33. George Says:
    August 9th, 2012 at 2:39 am

    I want to get a dog fault I don’t know how to convince my mom. Her brother got bitten when they were young and she’s scared stiff of dogs. Most dogs are friendly with me and I really want to get 1. Is there any ideas on how to convince

  34. Judy Says:
    August 14th, 2012 at 12:10 pm

    We have a GS so his bark is very loud. I found that by holding my hand over his mouth to stop him , shake my finger at him and sternly saying no works…If when I take my hand away , he starts again…I repeat it over again..After awhile by doing this, sometimes when he barks now I just have to shake my finger a him and say no !Of course he barks when the doorbell rings, when someone comes in , etc so I was glad when it worked !

  35. Sarjie Says:
    August 26th, 2012 at 8:57 am

    I agree with the article although i do not agree with using spray when they they bark. It may or can cause them to fear, and we, as a dog owner should not make them feel that. There are other ways to stop the barking issues as stated like the Tellington Touch which sounds better and good retraining . ^_____^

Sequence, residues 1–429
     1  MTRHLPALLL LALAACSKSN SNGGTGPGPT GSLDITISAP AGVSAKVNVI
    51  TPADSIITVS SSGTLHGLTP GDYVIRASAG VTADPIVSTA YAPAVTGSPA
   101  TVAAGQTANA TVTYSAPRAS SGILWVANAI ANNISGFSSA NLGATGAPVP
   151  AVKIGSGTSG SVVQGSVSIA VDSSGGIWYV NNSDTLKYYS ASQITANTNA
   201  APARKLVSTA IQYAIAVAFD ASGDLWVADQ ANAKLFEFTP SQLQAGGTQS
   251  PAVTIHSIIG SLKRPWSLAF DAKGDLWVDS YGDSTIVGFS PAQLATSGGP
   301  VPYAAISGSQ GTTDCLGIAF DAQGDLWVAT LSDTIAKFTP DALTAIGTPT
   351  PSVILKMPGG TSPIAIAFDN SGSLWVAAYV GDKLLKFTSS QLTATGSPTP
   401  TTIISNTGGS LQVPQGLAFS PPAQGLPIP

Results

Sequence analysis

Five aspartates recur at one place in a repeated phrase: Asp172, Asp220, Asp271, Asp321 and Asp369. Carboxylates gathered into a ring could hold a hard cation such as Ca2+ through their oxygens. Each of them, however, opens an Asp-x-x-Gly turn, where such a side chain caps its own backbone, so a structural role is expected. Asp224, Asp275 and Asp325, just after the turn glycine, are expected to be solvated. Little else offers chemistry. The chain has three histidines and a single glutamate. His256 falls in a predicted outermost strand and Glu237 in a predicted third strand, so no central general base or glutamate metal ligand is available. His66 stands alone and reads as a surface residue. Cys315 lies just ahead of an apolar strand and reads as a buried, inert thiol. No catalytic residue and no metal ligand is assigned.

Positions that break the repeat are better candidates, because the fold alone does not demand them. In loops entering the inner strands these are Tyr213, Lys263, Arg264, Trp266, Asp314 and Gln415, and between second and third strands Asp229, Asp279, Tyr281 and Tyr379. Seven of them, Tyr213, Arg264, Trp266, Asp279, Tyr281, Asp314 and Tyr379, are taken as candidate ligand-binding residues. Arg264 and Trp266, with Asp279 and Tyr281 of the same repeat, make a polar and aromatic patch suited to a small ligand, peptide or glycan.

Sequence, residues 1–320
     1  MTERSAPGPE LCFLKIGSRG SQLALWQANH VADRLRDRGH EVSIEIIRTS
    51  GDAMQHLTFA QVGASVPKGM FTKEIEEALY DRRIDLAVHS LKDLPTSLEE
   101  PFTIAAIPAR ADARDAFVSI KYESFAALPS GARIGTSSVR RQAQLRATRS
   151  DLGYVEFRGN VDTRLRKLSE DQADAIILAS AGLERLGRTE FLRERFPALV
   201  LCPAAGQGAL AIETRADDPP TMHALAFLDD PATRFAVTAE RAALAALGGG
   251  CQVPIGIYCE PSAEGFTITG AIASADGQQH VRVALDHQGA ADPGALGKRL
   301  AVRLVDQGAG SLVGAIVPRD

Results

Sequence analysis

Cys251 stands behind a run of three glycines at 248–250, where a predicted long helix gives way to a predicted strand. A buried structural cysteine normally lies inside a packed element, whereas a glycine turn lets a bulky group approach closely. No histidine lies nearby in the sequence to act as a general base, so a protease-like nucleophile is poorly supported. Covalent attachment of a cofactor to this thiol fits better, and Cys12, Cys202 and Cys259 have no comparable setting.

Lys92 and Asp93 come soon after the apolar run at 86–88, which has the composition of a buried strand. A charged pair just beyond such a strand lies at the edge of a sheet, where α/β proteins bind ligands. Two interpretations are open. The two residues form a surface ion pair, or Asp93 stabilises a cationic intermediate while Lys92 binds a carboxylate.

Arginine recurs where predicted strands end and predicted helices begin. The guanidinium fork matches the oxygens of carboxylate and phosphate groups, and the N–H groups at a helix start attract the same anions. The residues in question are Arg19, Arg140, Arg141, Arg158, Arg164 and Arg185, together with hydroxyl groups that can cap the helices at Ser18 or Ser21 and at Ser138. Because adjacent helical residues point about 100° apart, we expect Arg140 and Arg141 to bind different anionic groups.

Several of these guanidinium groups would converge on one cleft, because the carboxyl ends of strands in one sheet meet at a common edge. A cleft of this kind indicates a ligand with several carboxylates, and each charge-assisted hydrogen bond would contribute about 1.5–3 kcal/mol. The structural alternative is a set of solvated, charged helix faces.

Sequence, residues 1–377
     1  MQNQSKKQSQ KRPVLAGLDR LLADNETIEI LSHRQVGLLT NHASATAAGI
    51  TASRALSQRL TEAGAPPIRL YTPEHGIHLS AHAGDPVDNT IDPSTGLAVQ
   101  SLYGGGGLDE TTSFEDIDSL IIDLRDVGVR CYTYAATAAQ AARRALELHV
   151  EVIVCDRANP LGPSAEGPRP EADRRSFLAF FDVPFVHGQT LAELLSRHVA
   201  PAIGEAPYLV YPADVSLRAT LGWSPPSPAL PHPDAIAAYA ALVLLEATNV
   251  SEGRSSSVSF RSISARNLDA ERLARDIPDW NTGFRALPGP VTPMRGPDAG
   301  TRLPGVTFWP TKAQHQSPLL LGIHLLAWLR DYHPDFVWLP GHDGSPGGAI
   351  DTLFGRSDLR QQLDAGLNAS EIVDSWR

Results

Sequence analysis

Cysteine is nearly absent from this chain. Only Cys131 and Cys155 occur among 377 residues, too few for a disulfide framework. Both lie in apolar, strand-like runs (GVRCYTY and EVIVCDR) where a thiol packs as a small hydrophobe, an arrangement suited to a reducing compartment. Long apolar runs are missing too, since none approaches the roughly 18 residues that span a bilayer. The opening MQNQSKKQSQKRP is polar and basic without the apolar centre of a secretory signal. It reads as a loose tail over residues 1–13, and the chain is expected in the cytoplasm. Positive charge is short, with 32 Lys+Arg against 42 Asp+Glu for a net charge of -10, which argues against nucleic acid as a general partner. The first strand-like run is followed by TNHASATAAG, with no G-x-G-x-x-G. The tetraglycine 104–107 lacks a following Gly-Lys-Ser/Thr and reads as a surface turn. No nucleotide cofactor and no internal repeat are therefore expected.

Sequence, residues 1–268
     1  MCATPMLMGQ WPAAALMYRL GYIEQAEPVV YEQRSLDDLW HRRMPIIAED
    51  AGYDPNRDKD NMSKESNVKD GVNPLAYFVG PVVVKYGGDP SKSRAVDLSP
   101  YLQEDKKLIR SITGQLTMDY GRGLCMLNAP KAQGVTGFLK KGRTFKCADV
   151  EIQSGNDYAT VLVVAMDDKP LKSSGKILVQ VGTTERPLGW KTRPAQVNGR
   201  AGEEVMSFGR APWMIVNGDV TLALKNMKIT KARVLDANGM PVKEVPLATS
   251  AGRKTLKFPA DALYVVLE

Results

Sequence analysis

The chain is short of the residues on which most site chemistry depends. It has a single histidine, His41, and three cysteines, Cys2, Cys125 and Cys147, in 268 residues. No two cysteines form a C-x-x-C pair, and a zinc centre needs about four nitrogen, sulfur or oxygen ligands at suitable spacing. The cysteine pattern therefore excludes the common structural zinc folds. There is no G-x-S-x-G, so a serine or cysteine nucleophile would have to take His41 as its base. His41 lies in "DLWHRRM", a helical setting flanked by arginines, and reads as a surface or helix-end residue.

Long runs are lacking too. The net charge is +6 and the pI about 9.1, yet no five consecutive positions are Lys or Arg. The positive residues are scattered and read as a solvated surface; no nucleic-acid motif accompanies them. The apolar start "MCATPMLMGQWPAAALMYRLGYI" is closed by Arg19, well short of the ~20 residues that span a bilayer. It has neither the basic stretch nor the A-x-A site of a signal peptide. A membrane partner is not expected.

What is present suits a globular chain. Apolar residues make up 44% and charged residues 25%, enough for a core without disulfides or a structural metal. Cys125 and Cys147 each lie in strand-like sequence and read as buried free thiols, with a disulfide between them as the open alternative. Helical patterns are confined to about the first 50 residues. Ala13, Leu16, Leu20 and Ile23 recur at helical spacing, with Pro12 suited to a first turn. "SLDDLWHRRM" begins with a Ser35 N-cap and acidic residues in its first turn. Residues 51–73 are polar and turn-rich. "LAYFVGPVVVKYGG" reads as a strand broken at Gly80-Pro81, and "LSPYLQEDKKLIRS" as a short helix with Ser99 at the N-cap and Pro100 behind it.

36. Dennis Drew Says:
    August 28th, 2012 at 8:46 am

    Let me recommend two products I have used on my Bichon and Long Haired Chihuahua. Sunbeam Sonic Egg and Pettags Classic No Bark collar. The collar has a switch providing a big noisy vibrating action -or- a high pitched sonic sound that make both dogs wince. The Sonic Egg is a big egg looking thing you sit up on a shelf or hang outside. The Bichon responds well to the egg but the Chihuahua sometime shakes when it goes off. In any case the collar is $14 at Amazon and the Egg is in the $30′s on eBay. In my house there in no barking when using either. In fact half the time you do not need to turn on the collar for the Bichon. She just freezes and won’t bark or even get out of her chair! If it hits her tags when she jumps it will go off and she doesn’t even want to risk that!

  37. John Says:
    September 3rd, 2012 at 7:50 am

    Good article!

    The best way I know of teaching your dog to stop barking, or for any training is, when good = treat when bad = squirt of water from flower water spray device. Not hard or in a cruel way. Just a quick squirt….He/she will get the point fairly quickly.